Cavallini, G., Modenini, F., Vitali, G., & Koverech, A. (2005, November). Acetyl-L-carnitine plus propionyl-L-carnitine improve efficacy of sildenafil in treatment of erectile dysfunction after bilateral nerve-sparing radical retropubic prostatectomy. Urology, 66(5), 1080-5. Retrieved from http://www.sciencedirect.com/science/article/pii/S0090429505006515

Thirty-three medicinal plants both cultivated (Table 1) and wild harvested (Table 2) were documented and identified in the area of study. In the description below these results of these two table are combined as presented below. All the identified medicinal plants in both tables belong to 25 families and 30 genera. The family Rubiaceae (4) is the most represented followed by Alliaceae, Euphorbiaceae, Mimosaceae, Papilionaceae and Caesalpinaceae families which have two species each and the rest with one species. The composition is that 42.4% are shrubs, 39.4% herbs and herb climbers and 18.2% trees. Leaves (57.6%) are the commonest plant parts followed by roots (42.1%), barks (27.3%) and the rest of the plant parts harvested have less than 10% of the parts harvested. From Allium cepa, Allium sativum, Rhus vulgaris, Warburgia ugandensis, Cleome gynandra and Tarenna graveolens, three different plant parts, are harvested for use in sexual impotence and erectile dysfunction. In the case of Impetiens species and Urtica massaica, the whole plants are harvested while the rest of the species one or two different plant parts are used. The conservation status of these documented plants is that 27.3% are cultivated while 72.7% are collected from wild places. The common methods of plant medicine preparation included boiling, chewing, pounding, cooking, roasting and smoking. The commonest method of herbal administration was by oral means as food, herbal teas or by mixing in several drinks including locally made beer.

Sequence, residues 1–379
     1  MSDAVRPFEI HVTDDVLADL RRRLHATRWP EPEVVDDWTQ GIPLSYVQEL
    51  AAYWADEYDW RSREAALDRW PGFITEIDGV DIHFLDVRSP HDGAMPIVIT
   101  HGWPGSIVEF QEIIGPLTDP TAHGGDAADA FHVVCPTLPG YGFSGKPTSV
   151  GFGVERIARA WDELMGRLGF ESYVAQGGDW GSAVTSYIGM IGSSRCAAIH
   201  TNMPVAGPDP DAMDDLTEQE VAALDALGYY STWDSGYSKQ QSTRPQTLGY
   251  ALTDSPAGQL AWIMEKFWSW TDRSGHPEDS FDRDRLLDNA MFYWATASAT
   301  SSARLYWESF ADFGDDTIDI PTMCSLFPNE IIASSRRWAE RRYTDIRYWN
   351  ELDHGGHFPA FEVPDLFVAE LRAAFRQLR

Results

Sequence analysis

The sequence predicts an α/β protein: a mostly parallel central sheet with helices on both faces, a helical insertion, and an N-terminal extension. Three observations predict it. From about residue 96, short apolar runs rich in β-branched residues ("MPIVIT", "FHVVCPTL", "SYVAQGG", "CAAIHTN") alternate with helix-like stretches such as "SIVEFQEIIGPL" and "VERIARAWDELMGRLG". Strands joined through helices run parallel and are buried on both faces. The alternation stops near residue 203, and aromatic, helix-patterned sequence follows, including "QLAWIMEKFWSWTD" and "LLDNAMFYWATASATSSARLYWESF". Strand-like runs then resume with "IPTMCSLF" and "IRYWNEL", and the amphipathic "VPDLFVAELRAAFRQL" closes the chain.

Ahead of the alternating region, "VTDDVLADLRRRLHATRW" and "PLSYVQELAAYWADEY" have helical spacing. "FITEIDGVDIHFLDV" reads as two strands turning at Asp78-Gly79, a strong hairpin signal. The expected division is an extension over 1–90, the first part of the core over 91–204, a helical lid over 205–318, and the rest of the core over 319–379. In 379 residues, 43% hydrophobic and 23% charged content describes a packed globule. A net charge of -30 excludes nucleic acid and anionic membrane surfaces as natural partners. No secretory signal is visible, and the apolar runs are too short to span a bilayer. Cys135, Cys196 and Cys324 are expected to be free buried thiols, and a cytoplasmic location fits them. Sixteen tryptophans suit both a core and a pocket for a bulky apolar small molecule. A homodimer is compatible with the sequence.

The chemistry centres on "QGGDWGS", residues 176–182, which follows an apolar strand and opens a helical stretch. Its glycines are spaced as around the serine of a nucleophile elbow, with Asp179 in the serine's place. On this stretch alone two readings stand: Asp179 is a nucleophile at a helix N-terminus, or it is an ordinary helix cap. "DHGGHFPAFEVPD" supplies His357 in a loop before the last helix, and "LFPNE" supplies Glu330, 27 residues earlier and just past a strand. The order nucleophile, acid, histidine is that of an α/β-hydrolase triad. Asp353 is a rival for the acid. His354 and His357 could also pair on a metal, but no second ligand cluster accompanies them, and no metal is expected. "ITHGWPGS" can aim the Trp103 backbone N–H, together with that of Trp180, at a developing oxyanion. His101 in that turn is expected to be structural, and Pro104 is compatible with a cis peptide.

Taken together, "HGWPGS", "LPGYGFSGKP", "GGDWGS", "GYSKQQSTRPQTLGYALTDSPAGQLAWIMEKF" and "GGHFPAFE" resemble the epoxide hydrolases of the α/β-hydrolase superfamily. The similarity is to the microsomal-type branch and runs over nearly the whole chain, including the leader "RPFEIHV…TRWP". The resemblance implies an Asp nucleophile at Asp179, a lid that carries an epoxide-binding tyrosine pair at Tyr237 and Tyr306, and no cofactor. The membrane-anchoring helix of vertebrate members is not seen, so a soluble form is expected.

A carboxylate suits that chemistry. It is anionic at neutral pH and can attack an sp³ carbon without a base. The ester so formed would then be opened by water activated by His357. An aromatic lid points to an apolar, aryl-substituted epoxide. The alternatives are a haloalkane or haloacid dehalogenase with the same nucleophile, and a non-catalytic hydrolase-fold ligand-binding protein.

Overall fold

It doesn’t look good for the herbs. So far, there’s no data from controlled human trials that support the erection-promoting claims for any 5 of the most frequently used herbs. The icariin in the horny goat weed can help get it up, but since you’re getting the herb rather than a purified molecule, the concentration probably isn’t high enough to have much of an effect. Worse, it turns out that Viagra is much better at blocking that erection-killing enzyme than icariin is.


Know that you’re not alone.  20 million American men have ED. A study showed that one quarter of men under 40 also experience it. Though this is worrisome, it also means that these issues shouldn’t be solely discussed on the shady forums and message boards in which sketchy elixirs are advertised. If you think you may have ED, just know that you don’t have to go down a internet rabbit-hole to find answers.
Of the most prominent studies done on ED and ginkgo biloba, men who took this herb who were on antidepressants saw an increase in sexual activity and performance. As you may know, taking antidepressants can be a reason why men experience erectile dysfunction—and these studies have shown that the reason those specific men were experiencing ED was more than likely from the antidepressant medications that they were taking.
If you’re stressed about not being able to maintain an erection, there are more reliable and scientifically tested methods out there. Drinking less alcohol, eating healthier foods, staying away from sugar, and doing pelvic exercises have all been proven to partially help with ED. The best part to these alternatives to the “alternative”?  They are inexpensive and don’t require a shaman.